Breather hole in an airplane window. Photo Credit: interestingengineering.com
As many of you are aware, we are in the transitioning phase of this website as we close out TeamUV.org and transition to EngineeringAFuture.com over the next two months, so this will be Ketton’s last Well Read post here at Team UV, but not to fear, there are still two months of posts left here and the same types of articles will be carried over onto EAF (Engineering A Future), so without further ado, please enjoy the following:
Before we go any further into the purpose of the “breather hole”, we will first check out how a window in a pressurized passenger cabin is set up. As shown in the Boeing 737 maintenance manual (the most widely produced jet airliner in aviation history), the window structure consists of three layers of acrylic – a tough, transparent and flexible resin – although only two of them have an actual structural function.
Airplane window configuration. Photo Credit: interestingengineering.com
These structural layers are the intermediate and outer ones – while the inner layer (called “scratch pane”) only serves as a buffer between the passengers and the structure of the window itself. These layers prevent the cabin from reaching the external pressures that, depending on altitude, are too low for the vital functions of the human body.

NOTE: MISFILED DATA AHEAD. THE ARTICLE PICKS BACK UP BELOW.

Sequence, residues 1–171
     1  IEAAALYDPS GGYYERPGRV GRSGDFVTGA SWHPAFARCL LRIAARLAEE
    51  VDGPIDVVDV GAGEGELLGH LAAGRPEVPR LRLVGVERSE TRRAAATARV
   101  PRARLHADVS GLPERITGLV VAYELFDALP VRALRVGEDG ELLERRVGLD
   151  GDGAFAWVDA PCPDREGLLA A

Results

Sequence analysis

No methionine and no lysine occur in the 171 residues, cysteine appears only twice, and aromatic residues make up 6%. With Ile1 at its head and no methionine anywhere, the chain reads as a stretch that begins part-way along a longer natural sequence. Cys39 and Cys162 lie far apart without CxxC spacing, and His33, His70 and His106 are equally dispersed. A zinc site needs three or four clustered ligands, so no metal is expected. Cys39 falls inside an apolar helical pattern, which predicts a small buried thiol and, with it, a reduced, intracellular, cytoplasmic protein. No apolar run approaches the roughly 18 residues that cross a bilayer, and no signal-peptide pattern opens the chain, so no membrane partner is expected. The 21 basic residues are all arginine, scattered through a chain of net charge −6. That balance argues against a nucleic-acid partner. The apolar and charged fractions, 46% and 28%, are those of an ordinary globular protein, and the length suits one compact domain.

Basically, the primary structural window guarantees the cabin remains at a constant pressure equivalent to an altitude of 7,000 feet, which is still quite acceptable for the body. However, in most cases, only the last acrylic layer is responsible for ensuring such conditions; the intermediate layer is just there for extra safety. Having said that, let us get back to the mysterious little hole.
As can be noted in the diagram shown above, the breather hole is located in the middle layer of the window. This little puncture acts as a bleed valve ensuring that the pressure between the last two layers and the cabin always remains the same. This is necessary as a way of preserving the middle layer (the extra safety one) so it is only exposed to severe pressure differences in cases of emergency – that is, if the last layer the window is fractured in some way.
The breather hole also serves to prevent freezing and fogging between the outer layers of the window. Of course, that doesn’t always work since it is not rare to find photographs showing some frost on the windows.